Argentina dissolves intelligence agency after Alberto Nisman’s death
Argentina’s Congress has voted to dissolve the country’s intelligence agency.
The Intelligence Secretariat will be replaced with a new federal agency that will be accountable to Congress.
The proposal was drafted last month by President Cristina Fernandez de Kirchner, following the death of special prosecutor Alberto Nisman.
Cristina Fernandez de Kirchner accused a rogue agent of feeding misleading information to Alberto Nisman, who was investigating the government.
The lower house of Congress voted 131 to 71 in favor of the bill. It had already been passed by the Senate.
During a six-hour debate, opposition lawmakers repeatedly expressed their discontent with the fact that, under the new law, oversight of all wiretaps will be moved from the intelligence services to the general attorney’s office.
They said they felt uneasy about the close ties between the government and the current general attorney.
They also said they were worried about the role army chief Cesar Milani would play in intelligence gathering under the new law.
The new agency is expected to be set up within 90 days of the bill being signed into law by President Cristina Fernandez de Kirchner.
Cristina Fernandez de Kirchner had argued a reform of Argentina’s intelligence services was overdue.
She said that the agency had kept much of the same structure it had during the military government, which ended in 1983, and needed to become more accountable.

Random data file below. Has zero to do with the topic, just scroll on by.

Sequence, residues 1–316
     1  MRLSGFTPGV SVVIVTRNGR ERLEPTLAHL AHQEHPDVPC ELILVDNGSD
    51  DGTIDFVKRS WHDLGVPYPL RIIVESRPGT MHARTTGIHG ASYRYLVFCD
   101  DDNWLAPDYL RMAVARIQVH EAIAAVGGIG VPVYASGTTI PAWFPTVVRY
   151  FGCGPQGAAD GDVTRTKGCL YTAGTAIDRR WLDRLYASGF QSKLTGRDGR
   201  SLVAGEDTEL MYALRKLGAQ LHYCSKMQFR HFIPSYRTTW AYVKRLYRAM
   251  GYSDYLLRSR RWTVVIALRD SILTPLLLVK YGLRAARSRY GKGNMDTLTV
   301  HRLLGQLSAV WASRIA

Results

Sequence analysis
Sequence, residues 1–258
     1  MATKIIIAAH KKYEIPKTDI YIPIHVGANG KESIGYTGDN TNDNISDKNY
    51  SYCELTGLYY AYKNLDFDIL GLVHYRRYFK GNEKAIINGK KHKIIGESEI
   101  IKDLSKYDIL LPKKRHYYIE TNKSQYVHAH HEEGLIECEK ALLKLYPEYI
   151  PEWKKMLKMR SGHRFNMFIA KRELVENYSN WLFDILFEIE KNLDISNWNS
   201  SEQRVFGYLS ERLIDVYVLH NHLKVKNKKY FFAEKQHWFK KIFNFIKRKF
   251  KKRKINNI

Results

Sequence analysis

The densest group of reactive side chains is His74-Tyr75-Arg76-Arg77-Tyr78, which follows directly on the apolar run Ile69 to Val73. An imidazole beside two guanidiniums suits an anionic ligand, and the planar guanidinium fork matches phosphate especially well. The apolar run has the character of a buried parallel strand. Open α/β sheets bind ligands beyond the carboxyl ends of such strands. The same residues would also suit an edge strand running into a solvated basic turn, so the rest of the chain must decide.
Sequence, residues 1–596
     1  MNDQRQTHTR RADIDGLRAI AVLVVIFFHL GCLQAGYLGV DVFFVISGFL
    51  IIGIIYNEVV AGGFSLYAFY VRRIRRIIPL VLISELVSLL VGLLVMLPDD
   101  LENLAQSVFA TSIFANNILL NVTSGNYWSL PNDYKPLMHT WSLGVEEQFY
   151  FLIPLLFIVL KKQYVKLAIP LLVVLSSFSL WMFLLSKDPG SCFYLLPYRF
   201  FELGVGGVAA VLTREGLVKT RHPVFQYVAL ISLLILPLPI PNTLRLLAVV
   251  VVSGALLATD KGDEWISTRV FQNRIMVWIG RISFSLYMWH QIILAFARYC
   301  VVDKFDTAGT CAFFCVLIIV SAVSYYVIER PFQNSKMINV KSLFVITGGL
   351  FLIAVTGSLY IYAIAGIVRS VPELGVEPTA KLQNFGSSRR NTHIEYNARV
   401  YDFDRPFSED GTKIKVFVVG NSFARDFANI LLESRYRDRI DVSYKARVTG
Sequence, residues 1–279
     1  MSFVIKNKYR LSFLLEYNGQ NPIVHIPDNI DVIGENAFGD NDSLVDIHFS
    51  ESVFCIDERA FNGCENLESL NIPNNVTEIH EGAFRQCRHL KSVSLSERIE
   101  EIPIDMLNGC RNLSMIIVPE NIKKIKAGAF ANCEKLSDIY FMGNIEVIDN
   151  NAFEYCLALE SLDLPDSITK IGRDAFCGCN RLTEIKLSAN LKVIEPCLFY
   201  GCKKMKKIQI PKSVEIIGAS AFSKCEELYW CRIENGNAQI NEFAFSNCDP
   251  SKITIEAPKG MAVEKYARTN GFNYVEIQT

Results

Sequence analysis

“We need to make the intelligence services more transparent because they have not served the interests of the country,” the president said in a televised speech in January.
Kicking off the debate in the lower chamber on February 25, governing party lawmaker Diana Conti described the vote as “a fight for the democratization of the country’s intelligence services”.
She said it was time to put an end “to the perverse links between the intelligence services, the judiciary and some political sectors”.
One of the main criticisms of the SI had been a lack of control of its funding.
The new law creates “control mechanisms” to oversee the new agency’s finances, although critics said details of how these mechanisms would work were lacking.
Opposition congressman Manuel Garrido also warned that there were no safeguards to prevent the new agency from committing serious irregularities.
Manuel Garrido also said the law was a smokescreen to divert attention from the death under mysterious circumstances of federal prosecutor Alberto Nisman.
Alberto Nisman, who was 51, was found dead in his flat on January 18 with a gunshot wound to his head hours before he was due to testify to a congressional committee.
He had been investigating the bombing of the Amia Jewish centre in the capital, Buenos Aires, in 1994 which left 85 people dead.
Alberto Nisman had accused President Cristina Fernandez de Kirchner and Foreign Minister Hector Timerman of involvement in a plot to cover up Iran’s alleged role in the bombing.
Cristina Fernandez de Kirchner rejected the allegations and said a former secret agent had misled the prosecutor in order to discredit her government.
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